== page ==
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28/08/2015 - 9:51 PM

Anamorphic

AnamorphicI wouldn't have suspected any (major) retouching so from that angle you've done very well.
The figure is so abstracted by the glass that it's just that, a figure, but recognisable as such.
I quite like this colour but if this were me I'd be playing around with different colours too. Not saying they'd work any better but once you start playing it's hard to stop!

Try accentuating the small amount of noise with some added grain effect. Like I said, once you start playing...

Keith
28/08/2015 - 9:45 PM

Set me free

Set me freeIt looks like you were shooting from something like waist height.

Try even lower for more drama - if necessary, set the camera to manual focus at an approximate distance, set to a wide focal length (so depth of field should cover enough distance to ensure a decent sharpness), hold the camear near the ground and wait till he comes near, then fire off some shots. If you have Live view that'll help a lot as you can see what you'll be getting.

I agree ahout the crowd shots and closing in on the performer. Lots of options!

Keith
24/08/2015 - 7:37 PM

This same evening in Andermatt

This same evening in AndermattThats a perfect time to take 'night' shots and you've got lovely tones and detail throughout.
When I first looked at this I considered what I'd do and it'd be John's crop with Pamela's positioning of the motorcyclist.
I say I'd go with John's crop but I do like the way that building on the right balances the one on the left...

Keith
22/08/2015 - 10:49 PM

flower blossom

flower blossomHi Grace, welcome to the Critique Gallery and to epz, I see that you joined today. I hope you will enjoy it and find it a good place to learn. We try to give advice that will help people to improve their photography both the taking and the editing of images.

You've uploaded this into the Critique Gallery where you forego votes and awards in return for constructive feedback and help on your images,

Remember that the more information you give us as regards your photographic aims and intentions, the better. It also helps us if you respond to critique and indicate which ideas you find helpful. That means we can tailor advice according to your needs.

This is an attractive flower. it's positioned centrally which isn't always the best place. Positioned to one side or the other is reccommended, but it's not a hard and fast rule.
Indeed, with a single head like this, a central placement in a square image works very well visually.

You, or your camera (the exposure mode isn't given so I can't tell whether you used aperture priority where you choose the aperture, or Program where the camera chooses it) have used a relatively wide aperture which has kept the background nicely diffused so it doesn't fight for attention and aganst the flower.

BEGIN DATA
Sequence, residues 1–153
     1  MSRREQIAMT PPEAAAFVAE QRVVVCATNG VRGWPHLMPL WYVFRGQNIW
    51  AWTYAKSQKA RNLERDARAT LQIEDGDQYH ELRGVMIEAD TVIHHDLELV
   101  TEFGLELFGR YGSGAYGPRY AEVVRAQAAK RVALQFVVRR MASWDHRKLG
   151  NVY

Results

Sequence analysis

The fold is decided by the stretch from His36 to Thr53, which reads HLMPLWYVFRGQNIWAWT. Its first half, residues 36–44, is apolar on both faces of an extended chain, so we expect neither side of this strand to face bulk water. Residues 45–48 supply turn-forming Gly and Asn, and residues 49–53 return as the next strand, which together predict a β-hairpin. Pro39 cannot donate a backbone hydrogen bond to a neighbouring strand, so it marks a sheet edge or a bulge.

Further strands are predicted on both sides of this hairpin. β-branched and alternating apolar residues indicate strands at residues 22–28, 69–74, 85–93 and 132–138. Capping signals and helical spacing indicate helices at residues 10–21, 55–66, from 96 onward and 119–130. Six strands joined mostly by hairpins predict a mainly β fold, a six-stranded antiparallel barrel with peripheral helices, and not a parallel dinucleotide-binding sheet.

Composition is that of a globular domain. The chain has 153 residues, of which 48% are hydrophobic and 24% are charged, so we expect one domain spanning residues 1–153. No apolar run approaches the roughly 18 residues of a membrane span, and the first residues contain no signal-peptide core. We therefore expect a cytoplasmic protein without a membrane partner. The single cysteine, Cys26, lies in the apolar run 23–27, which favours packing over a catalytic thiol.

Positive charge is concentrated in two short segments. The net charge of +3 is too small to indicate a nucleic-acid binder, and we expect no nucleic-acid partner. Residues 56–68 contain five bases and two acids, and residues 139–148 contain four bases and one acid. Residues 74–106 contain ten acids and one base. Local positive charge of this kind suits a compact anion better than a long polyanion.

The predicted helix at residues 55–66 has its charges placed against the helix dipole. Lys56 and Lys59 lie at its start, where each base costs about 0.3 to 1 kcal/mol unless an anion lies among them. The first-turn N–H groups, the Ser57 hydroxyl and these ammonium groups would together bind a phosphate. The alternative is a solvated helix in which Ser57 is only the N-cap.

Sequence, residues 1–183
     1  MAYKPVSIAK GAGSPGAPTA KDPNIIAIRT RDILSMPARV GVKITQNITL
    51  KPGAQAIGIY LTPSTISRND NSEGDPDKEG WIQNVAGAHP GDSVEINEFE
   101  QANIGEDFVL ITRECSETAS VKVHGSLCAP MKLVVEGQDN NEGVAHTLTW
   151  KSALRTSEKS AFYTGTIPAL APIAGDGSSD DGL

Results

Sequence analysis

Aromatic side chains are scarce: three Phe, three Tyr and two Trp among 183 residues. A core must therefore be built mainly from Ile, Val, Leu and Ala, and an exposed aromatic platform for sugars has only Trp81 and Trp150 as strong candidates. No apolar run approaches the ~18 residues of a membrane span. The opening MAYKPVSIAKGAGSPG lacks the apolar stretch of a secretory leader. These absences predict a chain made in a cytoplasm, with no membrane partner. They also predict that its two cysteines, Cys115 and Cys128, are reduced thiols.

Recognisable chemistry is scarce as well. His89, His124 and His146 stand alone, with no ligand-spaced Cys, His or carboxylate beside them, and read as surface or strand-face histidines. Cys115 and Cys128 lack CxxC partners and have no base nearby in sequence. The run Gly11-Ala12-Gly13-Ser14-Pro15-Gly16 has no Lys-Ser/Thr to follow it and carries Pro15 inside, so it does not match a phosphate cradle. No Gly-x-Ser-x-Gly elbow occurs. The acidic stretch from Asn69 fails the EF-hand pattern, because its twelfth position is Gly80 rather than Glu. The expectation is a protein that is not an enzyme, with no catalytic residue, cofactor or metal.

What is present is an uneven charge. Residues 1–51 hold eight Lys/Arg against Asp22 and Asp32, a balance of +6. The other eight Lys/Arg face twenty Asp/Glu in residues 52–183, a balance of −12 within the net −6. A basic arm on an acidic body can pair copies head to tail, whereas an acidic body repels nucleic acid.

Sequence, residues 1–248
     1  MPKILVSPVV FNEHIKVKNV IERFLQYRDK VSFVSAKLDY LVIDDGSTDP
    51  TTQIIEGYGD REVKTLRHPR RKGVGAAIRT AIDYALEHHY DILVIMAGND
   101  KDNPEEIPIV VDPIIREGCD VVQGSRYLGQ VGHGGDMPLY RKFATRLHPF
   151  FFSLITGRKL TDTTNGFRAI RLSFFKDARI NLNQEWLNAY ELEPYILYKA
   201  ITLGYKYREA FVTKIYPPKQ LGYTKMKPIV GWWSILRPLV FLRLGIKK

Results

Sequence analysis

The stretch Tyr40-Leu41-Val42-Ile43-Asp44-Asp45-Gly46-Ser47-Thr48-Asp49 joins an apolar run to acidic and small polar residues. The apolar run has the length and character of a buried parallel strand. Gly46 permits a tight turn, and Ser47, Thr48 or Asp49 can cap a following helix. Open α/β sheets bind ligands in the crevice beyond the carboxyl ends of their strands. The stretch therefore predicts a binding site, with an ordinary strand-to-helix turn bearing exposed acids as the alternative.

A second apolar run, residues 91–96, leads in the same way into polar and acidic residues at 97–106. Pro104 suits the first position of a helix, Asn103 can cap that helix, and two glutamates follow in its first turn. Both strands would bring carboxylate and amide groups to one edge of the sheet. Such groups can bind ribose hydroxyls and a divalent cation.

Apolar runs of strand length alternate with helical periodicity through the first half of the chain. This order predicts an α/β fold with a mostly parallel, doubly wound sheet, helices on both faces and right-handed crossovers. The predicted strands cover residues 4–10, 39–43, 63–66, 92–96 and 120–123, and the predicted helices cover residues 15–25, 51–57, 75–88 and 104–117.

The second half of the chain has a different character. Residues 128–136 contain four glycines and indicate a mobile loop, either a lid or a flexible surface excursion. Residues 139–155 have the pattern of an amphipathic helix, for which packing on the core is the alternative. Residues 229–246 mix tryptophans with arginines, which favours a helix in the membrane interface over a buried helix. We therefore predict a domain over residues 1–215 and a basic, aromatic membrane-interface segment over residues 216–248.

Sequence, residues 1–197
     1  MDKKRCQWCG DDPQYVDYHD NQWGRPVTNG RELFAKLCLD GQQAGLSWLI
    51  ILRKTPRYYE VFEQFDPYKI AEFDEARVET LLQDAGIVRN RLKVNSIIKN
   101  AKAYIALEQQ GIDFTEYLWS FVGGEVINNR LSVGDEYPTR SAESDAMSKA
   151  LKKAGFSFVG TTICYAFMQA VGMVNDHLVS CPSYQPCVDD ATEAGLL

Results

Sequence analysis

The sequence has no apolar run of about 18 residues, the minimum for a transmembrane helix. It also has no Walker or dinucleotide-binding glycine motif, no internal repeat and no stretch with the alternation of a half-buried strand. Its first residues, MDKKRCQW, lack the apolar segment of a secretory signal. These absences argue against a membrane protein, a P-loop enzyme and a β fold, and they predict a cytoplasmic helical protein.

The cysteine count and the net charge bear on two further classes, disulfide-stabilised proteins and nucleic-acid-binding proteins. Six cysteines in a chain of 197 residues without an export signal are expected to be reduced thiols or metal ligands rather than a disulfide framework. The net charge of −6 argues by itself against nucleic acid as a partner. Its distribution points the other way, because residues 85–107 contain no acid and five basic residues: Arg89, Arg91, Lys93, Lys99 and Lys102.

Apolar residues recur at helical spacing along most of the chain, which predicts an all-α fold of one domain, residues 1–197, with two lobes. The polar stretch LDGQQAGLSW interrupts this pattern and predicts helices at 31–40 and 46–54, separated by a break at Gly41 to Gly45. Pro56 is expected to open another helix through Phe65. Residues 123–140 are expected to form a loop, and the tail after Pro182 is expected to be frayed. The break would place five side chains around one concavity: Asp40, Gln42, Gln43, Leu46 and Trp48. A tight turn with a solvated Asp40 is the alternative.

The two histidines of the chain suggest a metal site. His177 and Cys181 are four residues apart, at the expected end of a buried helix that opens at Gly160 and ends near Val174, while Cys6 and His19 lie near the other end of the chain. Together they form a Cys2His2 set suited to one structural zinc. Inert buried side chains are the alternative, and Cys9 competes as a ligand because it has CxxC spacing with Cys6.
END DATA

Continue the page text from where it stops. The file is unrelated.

A smaller aperture would have enabled you to get more of the petals in focus but with a more distracting background. It can be a difficult balance. In these situations you need to experiment and see which shots you prefer.

However, the centre is sharp which is often wher the interest lies, so that's fine.
I say sharp, but it's not as crisp as I would expect. Your shutter speed is not guaranteed to stop any camera shake, or indeed subject movement, which may account for this slight softness. Of course, this canhappen when an image is downsized so always check sharpness and apply a little extra sharpening if necessary before upload.

So, on the whole a nice image though I'll do a modification where I'll remove that stem on the right of th eimage as it's a distraction. It's a simple thing to look for and remove items such as this before taking the image.

Keith
16/08/2015 - 6:27 PM

Shells

ShellsI've not tried this technique so all I can comment on is the result.
It looks like you've got the technique sorted in V1. The sand grains are sharp all around the shell though these shiny surfaces don't always 'look' as sharp as they actually are because they are so smooth. If the sand is sharp then the shell has to be too.

However, V2 does look softer, even the sand. There are quite a few highlights on the sand and the shell that are red, green and blue. I can't work out if tis is due to the particular nature of their surfaces, but given I can't see it in V1 I guess not. So it could be to do with how the software combined the images, maybe coupled with some of them not quite in register which may affect the resulting sharpness. Do you see these colours in any of the original images? Just thinking out loud.